You may have seen a demonstration involving the following items:
- A large glass jar
- Some stones
- Some pebbles
- Some sand
The demonstration goes like this; the person starts by putting the sand into the jar first, followed by the pebbles, then the stones – but they find that the stones won’t fit.
So they empty the jar and start again, putting the stones in first, then the pebbles, then the sand. Amazingly, this time, everything fits.
How can this happen?
Well the first time, all the sand went to the bottom of the jar, the pebbles sat on top of the sand with gaps in between them and this meant there wasn’t enough room left to get all the stones in. The second time, the stones went in first leaving gaps large enough for the pebbles to fill; and the grains of sand were small enough to slip down into any gaps that were left.
Now imagine the empty jar represents all the time you have available in a day; and the stones, pebbles and sand represents your tasks and projects.
The idea of the demonstration is that the stones represent activities people often say they would love to do but just don’t have the time for – things like exercising, or learning to play an instrument, or writing a book.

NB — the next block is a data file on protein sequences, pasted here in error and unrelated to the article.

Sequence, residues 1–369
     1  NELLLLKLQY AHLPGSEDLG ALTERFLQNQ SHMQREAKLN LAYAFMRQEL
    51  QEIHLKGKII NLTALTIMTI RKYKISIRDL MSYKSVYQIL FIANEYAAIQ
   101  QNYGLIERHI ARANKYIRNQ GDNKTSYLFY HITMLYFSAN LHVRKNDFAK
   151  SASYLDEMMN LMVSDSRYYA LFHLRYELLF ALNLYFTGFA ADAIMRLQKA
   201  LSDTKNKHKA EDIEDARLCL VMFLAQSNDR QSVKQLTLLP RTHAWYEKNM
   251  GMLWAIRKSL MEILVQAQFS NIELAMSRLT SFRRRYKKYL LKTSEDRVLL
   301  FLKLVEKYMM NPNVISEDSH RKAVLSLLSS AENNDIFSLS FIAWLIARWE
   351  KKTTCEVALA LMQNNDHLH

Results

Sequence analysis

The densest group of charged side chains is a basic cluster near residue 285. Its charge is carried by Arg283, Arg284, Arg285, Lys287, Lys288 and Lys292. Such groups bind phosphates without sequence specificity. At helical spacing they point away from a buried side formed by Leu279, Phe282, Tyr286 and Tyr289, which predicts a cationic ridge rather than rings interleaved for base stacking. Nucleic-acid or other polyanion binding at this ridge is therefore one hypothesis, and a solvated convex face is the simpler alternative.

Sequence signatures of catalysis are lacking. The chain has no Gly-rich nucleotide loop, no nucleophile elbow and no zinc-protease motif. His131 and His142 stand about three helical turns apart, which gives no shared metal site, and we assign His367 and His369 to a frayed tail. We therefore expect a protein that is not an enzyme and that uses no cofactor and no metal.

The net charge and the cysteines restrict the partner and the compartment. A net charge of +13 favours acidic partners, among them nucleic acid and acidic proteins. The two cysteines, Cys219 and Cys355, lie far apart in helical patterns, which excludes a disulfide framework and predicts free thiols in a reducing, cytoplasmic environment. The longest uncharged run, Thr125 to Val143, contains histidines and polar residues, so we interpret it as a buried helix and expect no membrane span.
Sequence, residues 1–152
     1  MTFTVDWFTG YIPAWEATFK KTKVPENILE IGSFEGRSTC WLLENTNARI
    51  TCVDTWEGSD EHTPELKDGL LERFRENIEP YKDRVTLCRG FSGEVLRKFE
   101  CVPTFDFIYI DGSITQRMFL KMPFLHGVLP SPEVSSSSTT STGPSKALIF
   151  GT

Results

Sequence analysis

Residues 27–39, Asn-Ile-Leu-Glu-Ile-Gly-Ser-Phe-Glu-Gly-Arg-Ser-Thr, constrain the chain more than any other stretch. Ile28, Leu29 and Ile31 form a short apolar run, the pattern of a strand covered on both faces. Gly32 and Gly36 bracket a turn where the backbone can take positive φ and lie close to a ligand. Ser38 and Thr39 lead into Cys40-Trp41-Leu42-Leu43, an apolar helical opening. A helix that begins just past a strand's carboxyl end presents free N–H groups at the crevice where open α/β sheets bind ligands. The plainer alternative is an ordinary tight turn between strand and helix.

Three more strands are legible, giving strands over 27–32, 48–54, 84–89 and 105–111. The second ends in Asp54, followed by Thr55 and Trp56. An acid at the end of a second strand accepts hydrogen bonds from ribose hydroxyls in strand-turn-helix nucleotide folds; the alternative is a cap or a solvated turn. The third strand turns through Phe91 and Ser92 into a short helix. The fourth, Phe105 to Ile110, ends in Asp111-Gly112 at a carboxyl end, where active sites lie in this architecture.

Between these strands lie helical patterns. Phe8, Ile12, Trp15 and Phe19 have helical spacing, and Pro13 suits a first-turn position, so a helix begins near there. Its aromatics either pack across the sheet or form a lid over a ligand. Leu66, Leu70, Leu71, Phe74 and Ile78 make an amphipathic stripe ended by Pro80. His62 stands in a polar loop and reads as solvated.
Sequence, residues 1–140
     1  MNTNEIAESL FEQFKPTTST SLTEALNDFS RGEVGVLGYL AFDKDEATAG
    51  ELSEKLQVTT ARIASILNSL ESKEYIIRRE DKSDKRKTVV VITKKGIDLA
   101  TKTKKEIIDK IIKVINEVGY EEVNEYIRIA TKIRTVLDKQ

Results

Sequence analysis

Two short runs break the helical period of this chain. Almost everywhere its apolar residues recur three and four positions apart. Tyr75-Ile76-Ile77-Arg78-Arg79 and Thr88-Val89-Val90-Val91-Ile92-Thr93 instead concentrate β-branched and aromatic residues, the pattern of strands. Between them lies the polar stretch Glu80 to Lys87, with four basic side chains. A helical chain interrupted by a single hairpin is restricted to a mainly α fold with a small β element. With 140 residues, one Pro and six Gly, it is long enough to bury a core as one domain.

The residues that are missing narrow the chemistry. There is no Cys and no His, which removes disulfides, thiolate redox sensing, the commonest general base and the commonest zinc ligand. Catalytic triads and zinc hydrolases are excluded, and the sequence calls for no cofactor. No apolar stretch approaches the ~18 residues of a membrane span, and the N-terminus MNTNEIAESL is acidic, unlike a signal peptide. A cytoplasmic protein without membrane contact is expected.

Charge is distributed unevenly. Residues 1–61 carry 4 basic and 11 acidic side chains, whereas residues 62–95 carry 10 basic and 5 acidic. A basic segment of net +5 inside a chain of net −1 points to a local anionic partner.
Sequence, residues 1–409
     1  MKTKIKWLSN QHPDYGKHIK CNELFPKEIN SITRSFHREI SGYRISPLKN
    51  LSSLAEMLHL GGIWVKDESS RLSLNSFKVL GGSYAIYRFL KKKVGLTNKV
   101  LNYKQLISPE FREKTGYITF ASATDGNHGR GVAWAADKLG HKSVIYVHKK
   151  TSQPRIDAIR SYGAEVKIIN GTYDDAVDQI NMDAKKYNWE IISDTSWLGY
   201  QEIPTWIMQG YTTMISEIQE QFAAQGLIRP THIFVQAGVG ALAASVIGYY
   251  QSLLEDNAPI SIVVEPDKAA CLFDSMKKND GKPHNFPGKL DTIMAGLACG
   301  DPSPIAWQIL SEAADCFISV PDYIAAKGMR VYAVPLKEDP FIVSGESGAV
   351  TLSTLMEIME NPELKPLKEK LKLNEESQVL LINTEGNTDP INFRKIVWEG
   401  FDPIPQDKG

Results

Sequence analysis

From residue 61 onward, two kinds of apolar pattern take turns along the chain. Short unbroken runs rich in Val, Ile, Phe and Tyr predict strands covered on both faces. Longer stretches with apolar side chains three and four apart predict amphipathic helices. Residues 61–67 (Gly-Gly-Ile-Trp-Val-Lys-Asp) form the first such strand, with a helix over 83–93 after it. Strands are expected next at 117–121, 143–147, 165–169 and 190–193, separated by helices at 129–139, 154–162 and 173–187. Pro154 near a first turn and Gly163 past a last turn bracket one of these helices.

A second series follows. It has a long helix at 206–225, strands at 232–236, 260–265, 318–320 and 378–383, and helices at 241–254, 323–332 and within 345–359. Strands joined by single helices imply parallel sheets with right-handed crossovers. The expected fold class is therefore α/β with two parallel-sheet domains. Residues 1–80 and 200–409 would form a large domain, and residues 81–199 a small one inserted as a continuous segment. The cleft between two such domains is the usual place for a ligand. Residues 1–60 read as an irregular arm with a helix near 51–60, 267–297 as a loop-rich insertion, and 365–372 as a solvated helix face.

In part one of the demonstration, all the gaps left in the jar represent small blocks of time, that maybe get wasted doing things that don’t mean so much to you; whereas part 2 of the demonstration shows that, if you allocate time for the important things in your life first, there can still be enough time in the day for you to do all the other bits and pieces that need doing or crop up.
So how do you fill your jar? Do you get your stones in there first – or do you make excuses for why they won’t fit? If you’re an excuse maker, I challenge you to take one of those ‘stone’ activities and make time for it every day for a month; I think you’ll be surprised what you can fit in, when you give things the right priority for you.
Oh and by the way – even after you add the sand, the glass is not completely full. I once saw someone cleverly pour a jug’s worth of milk into the jar to represent the ‘milk of human kindness’, showing that, no matter how full your day appears, there is always room in your day to show care and compassion to others.
Note: A lot of people get all worked up about whether or not there is really such a thing as ‘time management’, saying you can’t manage time itself, only your use of it. Maybe they’re technically right, but who cares really. If people want to learn about how to make the best use of their time, chances are they’re going to look for a course on ‘time management’. The phrase is ingrained in our culture and really not worth arguing over.